Stop 0x7F or UNEXPECTED_KERNEL_MODE_TRAP
The Stop 0x7F message indicates that one of three types of problems occurred in kernel mode:
- A condition that the kernel is not allowed to have or intercept (also known as a bound trap)
- Software problems
- Hardware failures
Interpreting the Message
This Stop message has four parameters:
- Processor exception code.
- This value is 0x00 (zero).
- This value is 0x00 (zero).
- This value is 0x00 (zero).
The first parameter is the most important and can have several different values, indicating different causes of this error. You can find all conditions that cause a Stop 0x7F in any x86 microprocessor reference manual because they are specific to the x86 platform. Some of the most common exception codes are the following:
- 0x00, or a divide-by-zero error, occurs when a divide (DIV) instruction is run and the divisor is 0. Memory corruption, other hardware failures, or software problems can cause this message.
- 0x04, or Overflow, occurs when the processor carries out a call to an interrupt handler when the overflow (OF) flag is set.
- 0x05, or Bounds Check Fault, indicates that the processor, while carrying out a BOUND instruction, found that the operand exceeded the specified limits. BOUND instructions are used to ensure that a signed array index is within a certain range.
- 0x06, or Invalid Opcode, is generated when the processor attempts to run an invalid instruction. This typically occurs when the instruction pointer is corrupted as a result of a hardware memory problem and is pointing to a wrong location.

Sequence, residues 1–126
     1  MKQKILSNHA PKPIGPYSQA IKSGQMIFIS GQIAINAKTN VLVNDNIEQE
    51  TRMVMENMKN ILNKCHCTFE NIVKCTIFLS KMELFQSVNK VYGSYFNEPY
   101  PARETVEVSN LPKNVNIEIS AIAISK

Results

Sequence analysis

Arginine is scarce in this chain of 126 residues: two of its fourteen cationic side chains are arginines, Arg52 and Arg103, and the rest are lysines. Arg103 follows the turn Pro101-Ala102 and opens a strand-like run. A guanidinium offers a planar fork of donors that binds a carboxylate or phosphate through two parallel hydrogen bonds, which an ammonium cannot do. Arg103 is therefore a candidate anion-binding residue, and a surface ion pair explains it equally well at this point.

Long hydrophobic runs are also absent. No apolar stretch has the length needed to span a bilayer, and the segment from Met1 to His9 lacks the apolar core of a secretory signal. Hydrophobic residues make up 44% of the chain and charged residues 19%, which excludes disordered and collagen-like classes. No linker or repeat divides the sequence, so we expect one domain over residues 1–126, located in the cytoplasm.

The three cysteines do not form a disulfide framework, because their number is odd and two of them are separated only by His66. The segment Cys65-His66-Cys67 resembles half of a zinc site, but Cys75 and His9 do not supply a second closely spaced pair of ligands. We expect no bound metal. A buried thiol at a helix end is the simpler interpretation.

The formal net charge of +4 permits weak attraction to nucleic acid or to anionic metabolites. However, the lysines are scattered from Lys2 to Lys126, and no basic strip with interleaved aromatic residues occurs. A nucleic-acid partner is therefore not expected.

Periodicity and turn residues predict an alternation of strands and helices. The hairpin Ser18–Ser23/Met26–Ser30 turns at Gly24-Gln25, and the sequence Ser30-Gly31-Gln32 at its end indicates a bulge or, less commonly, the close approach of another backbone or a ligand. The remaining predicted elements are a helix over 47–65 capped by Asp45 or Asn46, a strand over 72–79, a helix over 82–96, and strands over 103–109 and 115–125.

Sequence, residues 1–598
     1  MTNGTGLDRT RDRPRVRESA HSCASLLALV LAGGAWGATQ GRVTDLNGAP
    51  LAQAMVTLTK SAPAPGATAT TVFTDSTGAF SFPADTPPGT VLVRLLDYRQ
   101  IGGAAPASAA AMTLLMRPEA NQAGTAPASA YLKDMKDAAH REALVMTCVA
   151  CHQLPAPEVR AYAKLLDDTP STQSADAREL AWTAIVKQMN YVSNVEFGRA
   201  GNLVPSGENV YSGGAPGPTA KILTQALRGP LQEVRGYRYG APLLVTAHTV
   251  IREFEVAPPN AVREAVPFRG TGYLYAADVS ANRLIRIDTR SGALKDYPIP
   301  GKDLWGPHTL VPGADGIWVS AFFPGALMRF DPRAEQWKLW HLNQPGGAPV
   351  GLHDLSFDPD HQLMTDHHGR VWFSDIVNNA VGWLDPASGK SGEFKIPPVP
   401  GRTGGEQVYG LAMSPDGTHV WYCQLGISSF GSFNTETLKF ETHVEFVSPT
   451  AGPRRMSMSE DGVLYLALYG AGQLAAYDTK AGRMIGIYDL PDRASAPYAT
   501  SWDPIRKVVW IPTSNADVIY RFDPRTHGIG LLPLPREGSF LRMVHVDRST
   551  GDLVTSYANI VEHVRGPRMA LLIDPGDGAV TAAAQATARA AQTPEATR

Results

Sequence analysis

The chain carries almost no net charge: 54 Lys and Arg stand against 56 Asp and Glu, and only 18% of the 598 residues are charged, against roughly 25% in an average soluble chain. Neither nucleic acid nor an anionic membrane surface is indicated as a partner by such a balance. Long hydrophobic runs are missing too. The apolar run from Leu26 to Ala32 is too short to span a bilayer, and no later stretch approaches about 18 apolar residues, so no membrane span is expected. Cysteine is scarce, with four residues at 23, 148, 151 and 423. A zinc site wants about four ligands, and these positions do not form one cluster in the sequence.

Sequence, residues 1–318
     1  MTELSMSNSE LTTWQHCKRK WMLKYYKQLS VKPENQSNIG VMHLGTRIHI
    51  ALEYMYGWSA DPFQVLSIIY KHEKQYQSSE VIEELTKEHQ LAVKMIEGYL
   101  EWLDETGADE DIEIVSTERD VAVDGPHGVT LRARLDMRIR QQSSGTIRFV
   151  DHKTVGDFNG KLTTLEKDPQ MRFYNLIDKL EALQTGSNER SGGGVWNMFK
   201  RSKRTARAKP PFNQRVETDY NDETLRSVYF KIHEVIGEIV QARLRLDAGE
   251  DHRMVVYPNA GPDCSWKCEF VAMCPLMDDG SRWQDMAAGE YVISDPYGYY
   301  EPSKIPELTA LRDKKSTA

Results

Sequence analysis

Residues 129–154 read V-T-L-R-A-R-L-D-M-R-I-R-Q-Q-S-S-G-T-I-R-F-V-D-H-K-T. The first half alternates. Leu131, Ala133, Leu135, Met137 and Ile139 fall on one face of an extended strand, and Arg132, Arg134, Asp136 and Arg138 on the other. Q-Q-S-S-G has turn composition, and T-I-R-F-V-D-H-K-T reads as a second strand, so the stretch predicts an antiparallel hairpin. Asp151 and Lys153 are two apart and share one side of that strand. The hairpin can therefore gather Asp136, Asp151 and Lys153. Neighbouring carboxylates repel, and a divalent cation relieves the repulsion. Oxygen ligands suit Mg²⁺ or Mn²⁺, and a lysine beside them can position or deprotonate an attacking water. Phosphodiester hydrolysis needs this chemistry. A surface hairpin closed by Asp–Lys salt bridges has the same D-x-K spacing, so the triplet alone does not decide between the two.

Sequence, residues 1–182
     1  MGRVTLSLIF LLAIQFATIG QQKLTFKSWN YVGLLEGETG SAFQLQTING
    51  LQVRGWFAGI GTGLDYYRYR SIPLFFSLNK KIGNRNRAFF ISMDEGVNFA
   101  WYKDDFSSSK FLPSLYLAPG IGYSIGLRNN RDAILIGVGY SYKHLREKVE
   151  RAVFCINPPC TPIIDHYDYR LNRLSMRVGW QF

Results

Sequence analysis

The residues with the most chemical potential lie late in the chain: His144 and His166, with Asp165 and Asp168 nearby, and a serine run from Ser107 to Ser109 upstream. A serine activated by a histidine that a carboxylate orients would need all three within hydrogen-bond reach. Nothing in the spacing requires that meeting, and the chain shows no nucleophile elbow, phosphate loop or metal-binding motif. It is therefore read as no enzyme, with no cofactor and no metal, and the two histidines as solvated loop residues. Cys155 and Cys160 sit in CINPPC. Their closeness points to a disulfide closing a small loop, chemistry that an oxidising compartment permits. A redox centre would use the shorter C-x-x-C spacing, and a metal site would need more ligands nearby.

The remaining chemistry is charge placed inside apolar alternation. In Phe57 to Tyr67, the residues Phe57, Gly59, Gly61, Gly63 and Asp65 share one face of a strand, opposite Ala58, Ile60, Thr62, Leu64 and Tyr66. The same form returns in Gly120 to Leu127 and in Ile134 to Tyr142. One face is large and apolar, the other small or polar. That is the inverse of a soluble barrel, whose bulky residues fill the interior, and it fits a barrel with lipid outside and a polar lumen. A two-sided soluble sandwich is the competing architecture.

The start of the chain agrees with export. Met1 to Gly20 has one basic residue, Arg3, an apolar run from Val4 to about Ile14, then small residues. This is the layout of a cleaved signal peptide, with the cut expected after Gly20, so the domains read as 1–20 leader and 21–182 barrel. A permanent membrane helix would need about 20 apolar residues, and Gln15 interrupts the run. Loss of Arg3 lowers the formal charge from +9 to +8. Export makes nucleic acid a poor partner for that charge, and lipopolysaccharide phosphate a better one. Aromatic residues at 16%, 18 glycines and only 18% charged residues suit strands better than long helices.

- 0x08, or Double Fault, indicates an exception while trying to call the handler for a prior exception. Normally, two exceptions can be handled serially, but certain exceptions (almost always caused by hardware problems) cause the processor to signal a double fault.
Less common codes include the following:
- 0x01 A system-debugger call
- 0x03 A debugger breakpoint
- 0x0A A corrupted Task State Segment
- 0x0B An access to a memory segment that was not present
- 0x0C An access to memory beyond the limits of a stack
- 0x0D An exception not covered by some other exception; a protection fault that pertains to access violations for applications
Resolving the Problem
The following suggestions are specific to Stop 0x7F errors. For additional troubleshooting suggestions that apply to all Stop errors, see the section titled "Stop Message Checklist" later in this tutorial.
- Stop 0x7F messages are typically the result of defective, malfunctioning, or failed memory hardware. If you added new hardware recently, remove and replace the hardware to determine whether it is causing or contributing to the problem. Run Windows Memory Diagnostics to determine whether the feature has failed.
- Running the CPU beyond the rated specification, known as overclocking, can cause Stop 0x7F or other error messages because of heat buildup. When diagnosing problems on overclocked systems, first restore all clock and bus speed settings to the manufacturer-recommended values to determine whether this resolves the issues.